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Diaz: Dakota replacement still possible

by David Zatz on

According to Ram chief Fred Diaz, speaking with Allpar at the New York Auto Show this week, Ram is still exploring the possibility of selling a mid-sized pickup in the future. Allpar was first told about exploration of a lighter-duty replacement for the Dakota around 2007, when the pickup was boosted in capability, size, and price to the point where it competed almost directly against Ram 1500.

There is a new Ram on the Chrysler four-year-plan, slotted for calendar-year 2016, and a new Fiat truck to be imported from the United States on the Fiat five-year plan, also slotted for 2016.

Mr. Diaz said:

We are heavily, heavily, heavily exploring the possibility of bringing a mid-sized truck to the market. It’s a very small market here in the United States, so you have to decide whether or not you’re going to play in that small market and be able to dominate that small market enough to where you can build a business case that makes it worth going there, or you’ve got to decide that you’re going to bring a vehicle that’s so new, so unconventional, so styled right, good mileage, and just the right amount of capability, that you’re actually going to grow that market.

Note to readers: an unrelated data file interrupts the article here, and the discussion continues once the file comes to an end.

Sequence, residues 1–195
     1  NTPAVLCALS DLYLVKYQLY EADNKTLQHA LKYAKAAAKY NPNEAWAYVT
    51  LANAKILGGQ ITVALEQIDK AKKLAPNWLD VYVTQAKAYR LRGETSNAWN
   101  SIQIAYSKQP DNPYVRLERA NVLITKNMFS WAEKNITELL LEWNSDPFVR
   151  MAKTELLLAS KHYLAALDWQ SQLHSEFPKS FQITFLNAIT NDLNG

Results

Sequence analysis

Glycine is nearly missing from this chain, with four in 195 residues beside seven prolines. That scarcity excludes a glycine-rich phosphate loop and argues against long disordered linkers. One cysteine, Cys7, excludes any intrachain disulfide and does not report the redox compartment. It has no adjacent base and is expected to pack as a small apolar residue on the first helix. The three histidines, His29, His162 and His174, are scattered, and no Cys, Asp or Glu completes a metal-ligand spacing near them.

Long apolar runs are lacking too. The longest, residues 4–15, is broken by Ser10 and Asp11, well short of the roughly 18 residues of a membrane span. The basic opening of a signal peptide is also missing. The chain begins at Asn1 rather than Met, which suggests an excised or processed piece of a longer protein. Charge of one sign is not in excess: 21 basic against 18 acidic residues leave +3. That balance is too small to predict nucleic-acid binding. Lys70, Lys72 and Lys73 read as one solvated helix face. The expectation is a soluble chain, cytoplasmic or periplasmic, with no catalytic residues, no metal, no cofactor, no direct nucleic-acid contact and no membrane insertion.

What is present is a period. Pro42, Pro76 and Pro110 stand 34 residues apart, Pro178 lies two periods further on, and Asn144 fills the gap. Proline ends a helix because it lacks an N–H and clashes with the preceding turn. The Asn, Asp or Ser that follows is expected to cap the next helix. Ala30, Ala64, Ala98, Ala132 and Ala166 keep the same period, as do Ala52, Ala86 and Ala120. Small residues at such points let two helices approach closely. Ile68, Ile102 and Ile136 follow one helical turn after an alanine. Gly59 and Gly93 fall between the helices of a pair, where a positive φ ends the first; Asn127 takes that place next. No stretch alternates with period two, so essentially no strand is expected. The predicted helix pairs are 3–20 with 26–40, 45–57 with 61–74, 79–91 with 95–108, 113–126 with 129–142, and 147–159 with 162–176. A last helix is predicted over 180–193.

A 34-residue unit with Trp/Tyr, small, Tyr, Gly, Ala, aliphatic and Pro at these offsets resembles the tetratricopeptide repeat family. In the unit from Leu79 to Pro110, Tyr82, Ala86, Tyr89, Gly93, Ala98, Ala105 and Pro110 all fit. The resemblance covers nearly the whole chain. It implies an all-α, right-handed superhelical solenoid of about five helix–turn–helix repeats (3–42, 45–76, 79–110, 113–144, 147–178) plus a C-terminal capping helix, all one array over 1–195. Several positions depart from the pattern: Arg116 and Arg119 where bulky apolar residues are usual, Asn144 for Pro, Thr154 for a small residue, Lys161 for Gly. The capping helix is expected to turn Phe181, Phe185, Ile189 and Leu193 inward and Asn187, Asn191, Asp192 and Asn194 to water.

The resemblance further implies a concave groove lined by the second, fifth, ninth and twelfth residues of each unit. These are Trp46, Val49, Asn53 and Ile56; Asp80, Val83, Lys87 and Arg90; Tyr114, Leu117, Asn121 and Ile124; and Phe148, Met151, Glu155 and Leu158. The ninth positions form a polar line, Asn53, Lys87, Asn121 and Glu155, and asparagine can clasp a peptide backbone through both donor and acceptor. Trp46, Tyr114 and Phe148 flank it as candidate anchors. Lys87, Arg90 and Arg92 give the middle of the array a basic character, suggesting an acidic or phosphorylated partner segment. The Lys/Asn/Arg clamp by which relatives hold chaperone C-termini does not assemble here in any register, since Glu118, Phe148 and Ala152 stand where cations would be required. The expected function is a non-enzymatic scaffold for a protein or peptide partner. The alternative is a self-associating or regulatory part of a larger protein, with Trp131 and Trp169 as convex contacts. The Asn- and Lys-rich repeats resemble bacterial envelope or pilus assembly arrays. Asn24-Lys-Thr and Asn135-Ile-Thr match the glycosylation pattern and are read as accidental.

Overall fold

You’ve seen Ford get out of that market; Chevy’s gotten out of that market; we’ve gotten out of that market. So it’s basically Toyota and Nissan that have that market all to themselves right now. For them, it’s probably a lucrative business case because it’s just two players.

So we’re looking at many, many different things. We have a plethora of things that we can look at because of our partnership with Fiat, and we’re even looking at okay, if we want to build a truck like this, there’s also a need for a truck that’s similar in size but is metric-ton capable from a payload standpoint.


When you talk about the big dogs, you look at the continent of Asia, you talk about Europe, you talk about South America, a metric-ton truck that’s a mid-sized truck size is what they’re looking for. You’ve got to have a small vehicle, and that small truck has got to be able to just be a monster.

… It’s perhaps one of the most aggressive product planning things that we’re researching and looking at right now from a truck standpoint, but still no decisions have been made as to whether or not we’re even going to bring a mid-sized truck back to the US market or the worldwide market. That’s being a straight up honest with you as I can possibly be. That’s where we’re at. And we talk about it almost every week.

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